HarborLAB volunteers had an amazingly productive Sunday, and had lots of fun in the process! Our goals were to winterize our Newtown Creek waterfront site and prepare it for transformation into the GreenLaunch in the spring. It sure felt like spring already!

We assembled a second shed and platform, repaired “The Jenni” tandem Folbot kayak for use by Baruch College environmental science classes (named for our late friend and CUNY alumna, Jenni Jenkins), set up planters and protected fruit trees from root freeze with vinyl and bags of cocoa shells, gathered seeds (especially pokeberry, goldenrod, and milkweed) for habitat and shoreline stabilization, and protected public boats from UV degradation with tarps. We donated many bricks to Build it Green, delivering them by van. Our bricks, which are molded with holes, are being built sideways into walls in South Africa to allow air circulation.

Many thanks to Patricia Erickson, who directed the day’s work as HarborLAB’s facilities manager and chair of the GreenLaunch committee. A special acknowledgment to Shawn and Miyeon Cornell, who were married just this month and shared this special time with us as stellar volunteers. They are CUNY students, as is Diana Arias, another fantastic volunteer who threw herself into the work (we met her through the great Baruch College ECO Club). Rounding out the crew were Irene McLoughlin, Alessandro Byther (daring Alpinist of bricks and plastic heights), Jenna Nugent, Davis Janowski, Erik Baard, and EJ Lee (HarborLAB operations manager and a CUNY alumna).

Great thanks also to Schuman Properties for our launch and to Citizens Committee for NYC for the initial GreenLaunch project grant.  Much gratitude also to Folbot, Lamar Outdoors, Dorothy Morehead for our supplies.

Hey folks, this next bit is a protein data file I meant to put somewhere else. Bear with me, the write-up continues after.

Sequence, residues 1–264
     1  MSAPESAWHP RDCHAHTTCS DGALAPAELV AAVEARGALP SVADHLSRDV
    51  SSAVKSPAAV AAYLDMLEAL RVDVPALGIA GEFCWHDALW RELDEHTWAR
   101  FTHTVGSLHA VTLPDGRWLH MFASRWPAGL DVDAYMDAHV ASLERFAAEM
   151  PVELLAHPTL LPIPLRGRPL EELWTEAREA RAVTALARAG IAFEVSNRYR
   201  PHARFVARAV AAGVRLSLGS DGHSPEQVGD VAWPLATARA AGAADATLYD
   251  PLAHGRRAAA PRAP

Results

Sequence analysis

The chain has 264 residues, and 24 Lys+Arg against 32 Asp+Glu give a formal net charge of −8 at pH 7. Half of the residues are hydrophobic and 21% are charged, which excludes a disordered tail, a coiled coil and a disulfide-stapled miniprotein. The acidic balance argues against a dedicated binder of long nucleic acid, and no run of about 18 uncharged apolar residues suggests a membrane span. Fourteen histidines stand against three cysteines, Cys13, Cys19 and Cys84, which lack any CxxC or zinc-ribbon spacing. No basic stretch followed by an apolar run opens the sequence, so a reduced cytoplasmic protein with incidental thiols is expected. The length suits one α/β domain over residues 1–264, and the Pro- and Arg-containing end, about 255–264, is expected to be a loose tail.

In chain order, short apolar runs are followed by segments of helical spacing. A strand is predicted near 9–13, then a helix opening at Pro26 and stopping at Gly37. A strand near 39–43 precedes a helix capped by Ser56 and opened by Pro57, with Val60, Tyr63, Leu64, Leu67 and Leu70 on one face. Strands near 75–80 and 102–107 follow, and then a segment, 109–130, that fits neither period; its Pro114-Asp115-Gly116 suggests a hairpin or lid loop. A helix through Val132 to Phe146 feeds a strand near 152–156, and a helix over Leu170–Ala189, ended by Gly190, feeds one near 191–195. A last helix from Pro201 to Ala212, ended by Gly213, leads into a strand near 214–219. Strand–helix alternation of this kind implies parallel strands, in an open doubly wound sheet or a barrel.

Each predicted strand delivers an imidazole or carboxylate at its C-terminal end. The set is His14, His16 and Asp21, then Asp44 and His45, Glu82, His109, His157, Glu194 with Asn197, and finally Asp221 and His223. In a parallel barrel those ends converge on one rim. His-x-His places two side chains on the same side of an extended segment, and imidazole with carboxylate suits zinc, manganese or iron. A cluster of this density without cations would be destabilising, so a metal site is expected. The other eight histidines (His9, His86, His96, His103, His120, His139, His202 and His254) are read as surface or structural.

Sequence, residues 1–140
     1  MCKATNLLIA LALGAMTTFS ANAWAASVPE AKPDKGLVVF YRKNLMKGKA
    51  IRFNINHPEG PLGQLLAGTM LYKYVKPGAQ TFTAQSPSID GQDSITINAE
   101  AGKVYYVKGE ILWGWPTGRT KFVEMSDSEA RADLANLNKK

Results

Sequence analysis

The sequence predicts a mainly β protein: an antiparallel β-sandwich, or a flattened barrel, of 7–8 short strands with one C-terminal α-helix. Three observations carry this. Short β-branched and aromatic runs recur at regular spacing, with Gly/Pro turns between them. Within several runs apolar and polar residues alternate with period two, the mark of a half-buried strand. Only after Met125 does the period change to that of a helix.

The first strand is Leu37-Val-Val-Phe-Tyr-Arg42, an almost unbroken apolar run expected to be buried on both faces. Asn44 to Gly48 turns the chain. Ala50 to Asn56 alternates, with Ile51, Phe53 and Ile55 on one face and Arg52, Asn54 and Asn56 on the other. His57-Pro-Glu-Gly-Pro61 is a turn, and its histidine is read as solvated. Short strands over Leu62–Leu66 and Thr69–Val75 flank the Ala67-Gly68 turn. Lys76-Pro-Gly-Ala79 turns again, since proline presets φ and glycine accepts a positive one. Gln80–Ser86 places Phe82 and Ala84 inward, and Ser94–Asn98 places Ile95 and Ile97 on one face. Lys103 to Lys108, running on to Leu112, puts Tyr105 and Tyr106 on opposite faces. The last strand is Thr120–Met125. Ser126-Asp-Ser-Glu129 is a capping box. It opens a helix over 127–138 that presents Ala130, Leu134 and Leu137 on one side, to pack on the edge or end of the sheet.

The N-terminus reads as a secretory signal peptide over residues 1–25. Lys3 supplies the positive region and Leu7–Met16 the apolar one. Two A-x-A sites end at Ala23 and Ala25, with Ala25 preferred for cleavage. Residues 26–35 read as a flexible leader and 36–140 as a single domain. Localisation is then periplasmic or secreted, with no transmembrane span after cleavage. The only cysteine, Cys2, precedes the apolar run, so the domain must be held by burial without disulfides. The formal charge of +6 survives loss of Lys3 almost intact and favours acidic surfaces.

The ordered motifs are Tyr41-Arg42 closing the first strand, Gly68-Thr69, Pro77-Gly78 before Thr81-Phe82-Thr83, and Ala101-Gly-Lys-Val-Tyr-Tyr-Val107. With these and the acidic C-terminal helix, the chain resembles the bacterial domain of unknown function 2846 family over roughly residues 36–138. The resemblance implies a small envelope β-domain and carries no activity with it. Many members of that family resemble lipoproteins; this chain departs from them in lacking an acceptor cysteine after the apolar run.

The EPA Must Test the Plants of Newtown Creek.

HarborLAB caused quite a stir recently by drawing attention to the fact that the U.S. Environmental Protection Agency isn’t testing plant tissues in the Newtown Creek. This great research gap had not been addressed before. We raised the point at the October meeting of the Newtown Creek Community Advisory Group with the EPA about Superfund progress.

Our concern is informed by our periodic biota surveys. We thank the United Nations Federal Credit Union and Con Ed for their support of our environmental work.

The EPA noted in its presentation that it tests the tissues of some fish species, especially those most likely to be eaten by people, but admitted in response to HarborLAB’s questioning that no plant tests were conducted or scheduled to be conducted. The EPA also asserted that because the creek was so thoroughly bulkheaded, there wasn’t a plant population to test. HarborLAB has conducted bioblitzes of the creek and strongly disagreed, suggesting that nonprofits and universities could begin plant tissue tests even if the EPA wouldn’t. Representatives from Riverkeeper, North Brooklyn Boat Club, and LaGuardia Community College quickly seconded HarborLAB’s concerns.